Most of the action of Sirens takes place in three
communicating rooms: "the Ormond bar" where Mina
Kennedy and Lydia Douce work and seven named male customers
congregate, the "saloon" behind the bar where several
of the men go to smoke, play the piano, and sing, and the "diningroom"
next door where Bloom sups with Richie Goulding and keeps his
eyes and ears on people in the bar. The setting is the ground
floor of the Ormond Hotel at 8-9 Upper Ormond Quay, just north
of the Liffey and west of Capel
Street. No trace of these rooms remains today and no
photographs survive from Joyce's time, so visualizing the
scene requires careful reading of his text, along with some
Considering what Sirens says about the barmaids
standing behind the counter and yet going over to the window
to see the viceregal cavalcade pass by on the quays, the bar
counter must have run perpendicular to the street, ending near
a window. A door likely opened directly into the bar from the
street, but, if so, a second front door must have led to the
hotel proper and its rooms upstairs. When Bloom departs the
dining room, he walks through the bar into a hallway that will
take him to this door: "By deaf Pat in the doorway
straining ear Bloom passed. . . . By rose, by satiny bosom, by
the fondling hand, by
slops, by empties, by popped corks, greeting in going . . . Bloom
in the Ormond hallway heard growls and roars of bravo"
for Ben Dollard's performance. The dining room sits on one
side of the bar, then, and a long "hallway" on the other.
The interior of the "saloon," used for smoking and for small evening concerts, must have been visible from the bar, because Simon Dedalus looks from the bar "towards the saloon door" and says, "I see you have moved the piano." Miss Douce explains that a piano tuner visited earlier in the day, "tuning it for the smoking concert." Simon, having finished his drink, "strayed away." Soon the hum of a tuning fork emerges from the saloon, and soon after that the notes of Goodbye, Sweetheart, Goodbye, played by "sensitive hands. Brightly the keys, all twinkling, linked, all harpsichording." The saloon, it appears, had a raised platform for performers and a painting of a sea scene on one wall: "— M'appari, Simon, Father Cowley said. / Down stage he strode some paces . . . Softly he sang to a dusty seascape there: A Last Farewell. A headland, a ship, a sail upon the billows. Farewell. A lovely girl, her veil awave upon the wind upon the headland, wind around her." We also learn, when Ben Dollard's big bass voice "rolled to the quivery loveshivery roofpanes," that the saloon is in a one-story part of the building lit by a skylight.
As for the dining room, after Bloom crosses the Grattan
Bridge from Wellington Quay to Ormond Quay, he sees Boylan
doing the same thing in a car.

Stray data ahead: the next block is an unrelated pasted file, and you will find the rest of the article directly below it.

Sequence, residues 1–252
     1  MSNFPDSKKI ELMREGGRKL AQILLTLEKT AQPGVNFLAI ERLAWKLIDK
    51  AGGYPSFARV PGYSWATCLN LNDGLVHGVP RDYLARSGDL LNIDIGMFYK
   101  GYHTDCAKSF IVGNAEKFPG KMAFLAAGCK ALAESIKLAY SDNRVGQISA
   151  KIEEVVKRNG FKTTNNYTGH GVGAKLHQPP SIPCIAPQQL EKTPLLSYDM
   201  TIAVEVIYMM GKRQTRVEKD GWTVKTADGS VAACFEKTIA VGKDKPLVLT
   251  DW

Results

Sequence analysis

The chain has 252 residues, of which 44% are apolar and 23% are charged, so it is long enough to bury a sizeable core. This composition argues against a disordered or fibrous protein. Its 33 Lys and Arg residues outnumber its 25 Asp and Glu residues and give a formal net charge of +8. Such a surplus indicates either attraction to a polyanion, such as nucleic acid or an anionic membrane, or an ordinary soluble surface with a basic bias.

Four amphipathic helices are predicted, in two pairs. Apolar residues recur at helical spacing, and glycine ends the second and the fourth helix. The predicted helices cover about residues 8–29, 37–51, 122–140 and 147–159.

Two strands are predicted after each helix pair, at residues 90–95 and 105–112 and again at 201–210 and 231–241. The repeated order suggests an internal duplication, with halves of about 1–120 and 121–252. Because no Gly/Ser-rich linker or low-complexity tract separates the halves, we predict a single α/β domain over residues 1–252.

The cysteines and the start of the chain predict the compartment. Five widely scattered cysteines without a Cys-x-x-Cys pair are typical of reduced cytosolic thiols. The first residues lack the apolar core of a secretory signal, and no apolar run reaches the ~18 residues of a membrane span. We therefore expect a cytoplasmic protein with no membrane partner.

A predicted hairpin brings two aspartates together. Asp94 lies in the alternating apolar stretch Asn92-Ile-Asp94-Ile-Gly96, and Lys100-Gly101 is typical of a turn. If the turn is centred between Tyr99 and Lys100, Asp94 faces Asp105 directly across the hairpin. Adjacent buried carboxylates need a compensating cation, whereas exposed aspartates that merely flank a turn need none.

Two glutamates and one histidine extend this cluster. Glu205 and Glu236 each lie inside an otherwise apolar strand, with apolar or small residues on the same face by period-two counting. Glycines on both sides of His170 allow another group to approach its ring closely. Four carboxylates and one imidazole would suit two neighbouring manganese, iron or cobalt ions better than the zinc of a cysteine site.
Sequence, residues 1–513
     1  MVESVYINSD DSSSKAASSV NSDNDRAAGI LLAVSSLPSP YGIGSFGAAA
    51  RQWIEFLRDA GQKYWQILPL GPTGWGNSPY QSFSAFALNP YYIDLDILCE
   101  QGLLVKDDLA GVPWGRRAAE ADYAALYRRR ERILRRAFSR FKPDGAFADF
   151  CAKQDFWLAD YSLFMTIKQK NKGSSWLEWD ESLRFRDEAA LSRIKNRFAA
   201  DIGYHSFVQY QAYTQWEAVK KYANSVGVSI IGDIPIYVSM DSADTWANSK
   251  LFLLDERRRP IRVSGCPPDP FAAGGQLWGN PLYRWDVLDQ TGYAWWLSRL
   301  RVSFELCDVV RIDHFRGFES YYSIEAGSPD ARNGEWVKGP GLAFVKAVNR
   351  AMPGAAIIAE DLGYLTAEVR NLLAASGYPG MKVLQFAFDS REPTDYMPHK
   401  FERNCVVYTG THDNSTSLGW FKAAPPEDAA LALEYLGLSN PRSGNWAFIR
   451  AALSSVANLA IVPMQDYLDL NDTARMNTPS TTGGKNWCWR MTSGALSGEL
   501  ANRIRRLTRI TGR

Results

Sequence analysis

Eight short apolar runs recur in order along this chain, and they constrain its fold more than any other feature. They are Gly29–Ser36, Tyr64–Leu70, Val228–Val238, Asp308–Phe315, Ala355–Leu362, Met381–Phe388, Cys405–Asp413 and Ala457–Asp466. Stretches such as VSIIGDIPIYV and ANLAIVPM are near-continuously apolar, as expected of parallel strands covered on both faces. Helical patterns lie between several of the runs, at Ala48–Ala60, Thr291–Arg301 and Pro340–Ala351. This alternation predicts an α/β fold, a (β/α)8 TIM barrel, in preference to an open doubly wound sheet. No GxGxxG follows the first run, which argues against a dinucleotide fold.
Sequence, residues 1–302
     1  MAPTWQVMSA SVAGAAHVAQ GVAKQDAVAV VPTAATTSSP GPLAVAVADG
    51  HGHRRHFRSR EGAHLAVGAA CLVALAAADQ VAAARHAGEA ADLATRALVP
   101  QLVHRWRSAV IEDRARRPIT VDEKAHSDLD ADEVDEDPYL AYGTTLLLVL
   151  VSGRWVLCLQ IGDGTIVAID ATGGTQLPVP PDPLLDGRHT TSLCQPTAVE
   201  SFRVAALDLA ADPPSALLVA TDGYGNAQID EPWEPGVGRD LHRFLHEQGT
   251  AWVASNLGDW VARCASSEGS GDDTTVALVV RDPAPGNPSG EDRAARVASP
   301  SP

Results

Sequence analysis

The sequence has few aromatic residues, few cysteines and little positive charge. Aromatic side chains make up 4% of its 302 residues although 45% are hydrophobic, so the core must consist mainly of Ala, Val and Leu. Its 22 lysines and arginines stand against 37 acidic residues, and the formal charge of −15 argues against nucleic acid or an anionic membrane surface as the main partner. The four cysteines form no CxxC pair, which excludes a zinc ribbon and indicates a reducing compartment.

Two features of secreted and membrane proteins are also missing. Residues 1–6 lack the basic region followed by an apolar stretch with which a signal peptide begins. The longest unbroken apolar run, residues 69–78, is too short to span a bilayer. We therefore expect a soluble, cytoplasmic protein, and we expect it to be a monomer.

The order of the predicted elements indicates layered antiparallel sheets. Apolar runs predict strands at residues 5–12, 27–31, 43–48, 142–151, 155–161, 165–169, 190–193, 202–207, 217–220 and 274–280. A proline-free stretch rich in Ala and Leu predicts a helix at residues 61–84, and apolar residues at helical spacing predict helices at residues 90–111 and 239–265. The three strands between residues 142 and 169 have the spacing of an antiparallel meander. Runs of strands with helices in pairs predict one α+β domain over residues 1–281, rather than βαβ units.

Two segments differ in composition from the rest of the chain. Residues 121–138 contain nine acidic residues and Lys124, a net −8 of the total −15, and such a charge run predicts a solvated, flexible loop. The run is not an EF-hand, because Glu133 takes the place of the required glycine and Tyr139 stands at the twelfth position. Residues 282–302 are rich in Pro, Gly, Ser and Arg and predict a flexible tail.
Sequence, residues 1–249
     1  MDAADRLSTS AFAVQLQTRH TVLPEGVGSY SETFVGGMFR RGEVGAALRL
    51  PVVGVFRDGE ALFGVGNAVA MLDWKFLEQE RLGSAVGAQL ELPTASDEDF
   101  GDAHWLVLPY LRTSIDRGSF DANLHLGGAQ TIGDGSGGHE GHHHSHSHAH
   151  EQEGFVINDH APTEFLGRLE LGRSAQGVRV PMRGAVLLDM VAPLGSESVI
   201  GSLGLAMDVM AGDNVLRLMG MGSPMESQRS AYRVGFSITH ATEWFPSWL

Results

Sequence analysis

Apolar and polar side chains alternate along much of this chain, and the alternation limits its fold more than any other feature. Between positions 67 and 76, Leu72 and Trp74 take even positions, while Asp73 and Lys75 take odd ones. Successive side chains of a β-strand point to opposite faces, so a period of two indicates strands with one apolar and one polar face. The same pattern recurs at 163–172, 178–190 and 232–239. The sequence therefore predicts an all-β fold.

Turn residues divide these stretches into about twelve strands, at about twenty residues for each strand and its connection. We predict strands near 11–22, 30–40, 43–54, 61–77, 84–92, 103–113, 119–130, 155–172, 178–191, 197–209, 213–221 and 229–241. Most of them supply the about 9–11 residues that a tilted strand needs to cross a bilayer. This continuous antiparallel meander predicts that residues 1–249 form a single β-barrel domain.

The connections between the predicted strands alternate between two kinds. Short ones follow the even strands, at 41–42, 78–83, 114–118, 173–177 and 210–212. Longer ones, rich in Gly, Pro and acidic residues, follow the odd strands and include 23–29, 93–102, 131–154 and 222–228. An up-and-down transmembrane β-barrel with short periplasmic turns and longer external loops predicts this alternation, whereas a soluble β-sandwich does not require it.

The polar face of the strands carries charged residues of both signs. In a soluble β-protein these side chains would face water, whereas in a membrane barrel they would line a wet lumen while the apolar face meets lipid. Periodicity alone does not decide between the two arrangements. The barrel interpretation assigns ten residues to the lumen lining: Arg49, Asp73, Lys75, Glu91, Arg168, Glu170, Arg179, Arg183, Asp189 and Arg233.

He follows Boylan, sees him enter the bar, and passes "Between
the car and window, warily walking." Just beyond the bar, he
runs into Richie Goulding, who invites him to share a meal at
the Ormond. Bloom thinks, "Diningroom. Sit tight
there. See, not be seen." Some part of the dining room
must command a view of the bar, and Joyce has already
indicated what it is: shortly earlier, the chapter has shown
Pat the waiter coming "to the door of the diningroom"
to fulfill "a diner's" request for beer.
Bloom and Goulding seem to enter through yet another street
door (happily avoiding a confrontation with Boylan in the
bar), because they pass by set tables rather than bar
fixtures: "The bag of Goulding, Collis, Ward led Bloom by
ryebloom flowered tables. Aimless he chose with agitated
aim, bald Pat attending, a table near the door. Be near. At
four." This table near the door into the bar, which Bloom
chooses in an "agitated" state while trying to appear
"aimless," will allow him to look into the bar at 4:00, at
which time he knows that
Boylan has arranged to meet Molly. When Simon begins singing M'appari,
he asks for the door between the two rooms to be propped open:
"Bloom signed to Pat, bald Pat is a waiter hard of hearing, to
set ajar the door of the bar."
The fact that the text does not show Bloom passing in front
of the bar's quayside windows a second time on his way to the
dining room suggests that it lies on the upriver side of the
bar. Historical records examined by Harald Beck in an article
on James Joyce Online Notes confirm this impression.
In the 1890s, the Ormond Hotel occupied only no. 8, and there
was a drinking establishment on the ground floor. The 18-foot
width of no. 8, specified in the property deed, and the
presence of the "hallway" occupying part of that width, make
it inconceivable that a restaurant could have shared the
space. Under new ownership in the early 1900s the hotel
expanded into no. 9 on the west side and opened a restaurant.
Beck's note offers several other findings useful for reading
Sirens, including a persuasive case that "the derelict
premises still standing today at Nos 7 to 11 Upper Ormond
Quay" contain no "remnants of the hotel Joyce had in mind." He
shows also that the hotel's expansion into no. 9 did not begin
until late 1905 or early 1906. The layout depicted in the
episode, then, did not exist in June 1904. Joyce's mental
picture, Beck suggests, came from his memory of visiting the
Ormond during his 1912 trip to Ireland. In a 21 August 1912
letter to Stanislaus he wrote, "I went to see Lidwell last
night at the Ormond Hotel" and found him in "the company of
several others telling stories," including John Joyce. Both
George Lidwell and Simon Dedalus figure prominently in Sirens,
so it is reasonable to suppose that Joyce relied on his
anachronistic memory to set the scene.